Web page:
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fishinfrenzy 03-05-2011 09:32 PM

Fishing Pocket Water
Excuse me as this may seem like a very "newbie" question but this site has been very informative. I have been fishing the South Platte river in Colorado lately and it contains a lot of pocket water. After observing and talking with other fly fisherman on the river it seems the fish have mostly been honing in on small RS2's and midge patterns in the 20-22 size range. My question is: Can you fish these small flies effectively in pocket water? The water is so swift moving and turbulent that I just think it would be hard for the fish to see and I am wondering if it would be effective or not. I mostly ask this because I was fishing the same river one day with a size 18 parachute adams when the current flows were very high and fast. After not getting any hits at all I had a conversation with a fellow fisherman on the bank and he suggested I throw a massive PMX fly (around size 8 I think). The fish on this river are known for being super selective so I never thought that they would hit such a huge fly but low and behold I had two bites (no hook ups though) within 30 min. Learned something that day. Anyway, my question is: Are those small 20-22 RS2's and midge patterns too small to fish effectively in turbulent pocket water or do people do this all the time? I would be using a high stick method.

webrx 03-06-2011 02:56 AM

Re: Fishing Pocket Water
I generally fish bigger flies in the pocket water, like a size 10 wooly bugger or a size 12 nymph. I also generally throw some extra weight on the line to get the bug down into the pockets. Not sure if 20s and 22s will work, never tried anything that small in the fast pocket water..


jpbfly 03-06-2011 03:30 AM

Re: Fishing Pocket Water
I mainly use size 14 flies for pocket waters....some patterns here:
you may have to use smaller flie18/20 or nymphs if you locate a fish which rises and refuses the big ones....;)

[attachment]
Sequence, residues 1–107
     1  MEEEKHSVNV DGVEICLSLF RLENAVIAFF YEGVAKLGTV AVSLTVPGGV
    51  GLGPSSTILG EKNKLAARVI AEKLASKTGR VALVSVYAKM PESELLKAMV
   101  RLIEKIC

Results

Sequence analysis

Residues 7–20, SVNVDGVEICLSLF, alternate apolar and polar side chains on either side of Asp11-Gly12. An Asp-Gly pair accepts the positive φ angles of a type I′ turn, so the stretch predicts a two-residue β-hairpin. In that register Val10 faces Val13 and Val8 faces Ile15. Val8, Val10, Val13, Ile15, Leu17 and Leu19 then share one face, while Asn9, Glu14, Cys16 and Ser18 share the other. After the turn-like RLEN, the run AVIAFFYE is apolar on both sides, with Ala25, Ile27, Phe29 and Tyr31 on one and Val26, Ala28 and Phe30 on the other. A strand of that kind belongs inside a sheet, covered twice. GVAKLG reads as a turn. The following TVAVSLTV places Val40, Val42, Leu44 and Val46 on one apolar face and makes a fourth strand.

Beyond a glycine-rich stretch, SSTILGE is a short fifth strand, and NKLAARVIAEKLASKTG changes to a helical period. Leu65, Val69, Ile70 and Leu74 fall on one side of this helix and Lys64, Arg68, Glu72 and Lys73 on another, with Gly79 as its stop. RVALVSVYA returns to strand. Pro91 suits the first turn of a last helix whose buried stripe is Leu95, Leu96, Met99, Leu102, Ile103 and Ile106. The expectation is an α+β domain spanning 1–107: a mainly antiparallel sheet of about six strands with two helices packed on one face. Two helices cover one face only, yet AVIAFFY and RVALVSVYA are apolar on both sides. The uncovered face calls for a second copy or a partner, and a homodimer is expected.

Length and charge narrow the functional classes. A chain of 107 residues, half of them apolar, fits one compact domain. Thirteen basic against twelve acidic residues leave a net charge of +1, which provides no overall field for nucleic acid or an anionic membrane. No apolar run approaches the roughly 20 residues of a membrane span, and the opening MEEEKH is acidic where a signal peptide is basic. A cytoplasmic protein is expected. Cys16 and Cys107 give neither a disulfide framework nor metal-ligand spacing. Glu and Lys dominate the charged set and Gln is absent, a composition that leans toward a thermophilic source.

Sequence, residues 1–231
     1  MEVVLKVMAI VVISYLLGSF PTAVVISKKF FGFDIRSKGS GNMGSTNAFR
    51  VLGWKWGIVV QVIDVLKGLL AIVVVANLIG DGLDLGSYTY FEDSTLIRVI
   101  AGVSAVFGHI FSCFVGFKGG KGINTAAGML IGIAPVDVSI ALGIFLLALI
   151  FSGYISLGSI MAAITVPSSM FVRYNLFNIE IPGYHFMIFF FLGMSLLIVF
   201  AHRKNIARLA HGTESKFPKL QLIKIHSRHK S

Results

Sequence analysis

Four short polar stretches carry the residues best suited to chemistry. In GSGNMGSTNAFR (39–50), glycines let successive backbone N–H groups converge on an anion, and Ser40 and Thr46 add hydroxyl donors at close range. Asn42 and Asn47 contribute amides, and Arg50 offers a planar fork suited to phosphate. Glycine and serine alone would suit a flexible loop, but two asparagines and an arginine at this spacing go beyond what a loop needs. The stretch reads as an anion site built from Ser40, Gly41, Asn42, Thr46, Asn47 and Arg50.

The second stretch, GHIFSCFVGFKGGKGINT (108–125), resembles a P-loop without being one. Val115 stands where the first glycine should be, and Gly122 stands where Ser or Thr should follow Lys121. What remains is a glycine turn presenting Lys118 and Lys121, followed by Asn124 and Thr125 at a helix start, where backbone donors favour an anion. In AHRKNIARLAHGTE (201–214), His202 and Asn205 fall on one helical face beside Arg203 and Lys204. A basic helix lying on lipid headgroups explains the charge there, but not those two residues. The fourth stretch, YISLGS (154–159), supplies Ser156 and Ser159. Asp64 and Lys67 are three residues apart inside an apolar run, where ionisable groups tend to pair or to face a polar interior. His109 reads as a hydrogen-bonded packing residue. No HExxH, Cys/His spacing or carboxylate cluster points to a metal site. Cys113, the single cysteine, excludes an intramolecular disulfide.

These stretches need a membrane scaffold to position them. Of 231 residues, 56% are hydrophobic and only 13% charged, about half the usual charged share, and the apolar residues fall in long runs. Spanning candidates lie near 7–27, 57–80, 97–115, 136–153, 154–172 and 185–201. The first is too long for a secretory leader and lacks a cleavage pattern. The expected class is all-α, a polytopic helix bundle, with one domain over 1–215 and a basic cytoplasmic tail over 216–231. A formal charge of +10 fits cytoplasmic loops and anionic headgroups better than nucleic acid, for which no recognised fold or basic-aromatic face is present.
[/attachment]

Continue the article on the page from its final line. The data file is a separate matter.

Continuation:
Frank Whiton 03-06-2011 04:22 AM

Re: Fishing Pocket Water
Hi fishinfrenzy,

Pocket water can be some of the post challenging water to fish. You can fish small nymphs but they need to be weighted to penetrate the water column as quickly as possible. A big dry fly with a nymph dropper can be used with a short cast and a lot of wading to position your self. You don't want a lot of line on the water or you will get drag for sure. I like a long rod to help manage your line better. Here is a video you might enjoy about Pocket Water Fishing.


Walter1023 03-06-2011 06:19 AM

Re: Fishing Pocket Water
That is a great video. The only exception I take is his comments about not wasting your time casting to non feeding fish in pocket water. Dorsey is notorious for being an expert trout spotter....I've seen him on some fly shows and he sees fish even other acclaimed fisherman can't see. I personally have enough difficulty trying to spot fish in quiet pools.....I have never really been able to spot fish in heavy pocket water....much less distinguish whether they were feeding or non feeding. My advice to a newbie....learn to identify the actual prime lies (ie: the slow pocketwater next to the fast water) and methodically fish them all. If a fish is there....even if "non feeding"...your nymph properly presented will turn him into a feeding fish